“Do you think that’s good? Do you think that’s right?” Ripley shouted, demanding an answer. I don’t know the specifics of those cases, I told him, but can’t LGBT couples provide good, loving homes to orphans, just like straight couples?
Ripley abruptly stormed off, darting out of the Council Chambers.
Flowers and others worry churches and other religious groups that refuse to accept, or serve, LGBT folks could be barred from contracting with the City under the new language, despite a religious exemption that’s already written into the City’s existing non-discrimination policies.
“The sort of potential thunder-clap between religious freedom and the First Amendment is solved by continuing that religious carve-out,” Bernal said.
Regarding that religious exemption, Bernal says he’s following best-practices as advocated by the LGBT rights advocacy group Human Rights Campaign. “There’s a whole body of law that tests and guides how these religious carve-outs work,” explained City Attorney Michael Bernard. “I’m not going to be flippant about it, but it’s not enough to say, ‘I talked to God today and now I don’t like these people.’”
Those opposing the proposal seem to have a sympathetic ear in D5 Councilman Medina, an evangelical Christian who faces a runoff next month against Shirley Gonzales, an open LGBT-rights supporter who won endorsement from the local Stonewall Democrats.
Medina was out mingling with LGBT discrimination proponents like Ripley before Tuesday’s meeting. And at the dais, he questioned whether such discrimination is even a problem in San Antonio. When Medina asked City Attorney Bernard, “Have we seen more complaints, more discrimination?” Bernard said the City, for all intents and purposes, wouldn’t know. “There’s no mechanism by which we would get the complaints,” Bernard said. “Because we don’t prohibit discrimination in, say, the housing area based on sexual orientation or gender identity, we don’t have that prohibition.”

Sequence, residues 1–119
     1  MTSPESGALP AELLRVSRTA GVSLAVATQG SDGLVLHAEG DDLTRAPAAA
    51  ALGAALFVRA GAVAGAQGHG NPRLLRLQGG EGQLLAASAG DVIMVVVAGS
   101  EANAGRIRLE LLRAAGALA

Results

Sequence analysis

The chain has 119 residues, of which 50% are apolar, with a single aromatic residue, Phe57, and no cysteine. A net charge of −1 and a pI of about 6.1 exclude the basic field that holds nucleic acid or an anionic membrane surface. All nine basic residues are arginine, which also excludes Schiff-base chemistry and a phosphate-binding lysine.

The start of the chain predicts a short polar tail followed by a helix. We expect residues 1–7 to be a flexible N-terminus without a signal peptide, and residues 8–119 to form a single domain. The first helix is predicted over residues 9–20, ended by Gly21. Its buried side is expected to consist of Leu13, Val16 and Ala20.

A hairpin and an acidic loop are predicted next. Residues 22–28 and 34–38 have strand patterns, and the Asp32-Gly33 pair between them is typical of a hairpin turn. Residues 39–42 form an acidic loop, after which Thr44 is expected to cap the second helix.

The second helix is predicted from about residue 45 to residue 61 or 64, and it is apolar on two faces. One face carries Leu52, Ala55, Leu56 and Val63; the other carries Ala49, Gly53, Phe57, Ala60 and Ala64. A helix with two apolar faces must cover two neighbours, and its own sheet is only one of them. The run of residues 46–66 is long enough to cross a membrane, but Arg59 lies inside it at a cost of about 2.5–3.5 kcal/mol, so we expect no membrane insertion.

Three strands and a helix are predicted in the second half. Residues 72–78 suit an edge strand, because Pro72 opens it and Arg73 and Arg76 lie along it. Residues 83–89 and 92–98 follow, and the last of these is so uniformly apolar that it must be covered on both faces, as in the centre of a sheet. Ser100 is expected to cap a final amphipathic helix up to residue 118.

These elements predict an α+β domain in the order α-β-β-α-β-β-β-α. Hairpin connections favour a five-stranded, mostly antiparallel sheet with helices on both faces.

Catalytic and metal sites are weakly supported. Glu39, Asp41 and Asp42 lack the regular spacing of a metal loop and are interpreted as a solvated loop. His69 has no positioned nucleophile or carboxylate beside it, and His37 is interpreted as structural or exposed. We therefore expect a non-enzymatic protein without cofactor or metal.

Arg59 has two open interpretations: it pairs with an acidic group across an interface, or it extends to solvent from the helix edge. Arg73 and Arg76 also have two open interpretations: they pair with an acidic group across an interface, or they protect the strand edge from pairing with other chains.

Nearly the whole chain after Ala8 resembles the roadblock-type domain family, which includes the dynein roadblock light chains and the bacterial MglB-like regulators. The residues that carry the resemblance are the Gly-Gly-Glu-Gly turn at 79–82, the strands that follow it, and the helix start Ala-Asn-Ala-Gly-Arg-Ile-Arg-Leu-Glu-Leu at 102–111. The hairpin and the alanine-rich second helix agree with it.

“So there are no complaints,” Medina concluded.
Medina proposed stalling the issue for at least a month before bringing it back to Council’s Governance Committee – outside the meeting, he downplayed concerns he’d exploit the issue during his runoff campaign.
Bernal and Castro ultimately pushed and got the committee to approve sending the issue the full Council for a B Session. A draft of the ordinance should be distributed to all council members by early next week, Bernal said.
Outgoing D3 Council member Leticia Ozuna, who lost to the religiously devout Rebecca Viagran this month, hopes the ordinance comes up for a final vote before Council switches over June 1 so she could vote for it.
At the hearing, she eyed the man+woman=child badges worn by Ripley, Flowers, and other opponents.
“You know, those really are amenable if you draw skirts on the men with a magic marker,” she joked.
UPDATE: Apparently, Medina's not the only run-off candidate who seems to oppose the changes to the ordinance. At a press conference for groups opposing the measure today outside of City Hall, Rolando Briones, District 8 hopeful, showed up to lend his support to people like David Rosa (pictured with Briones), who claimed the LGBT non-discrimination protections imposed values on San Antonio that its citizens didn't share, and would somehow distract from other pressing matters like infrastructure repairs.
Briones, right, talks to Rosa
- Briones, right, talks to Rosa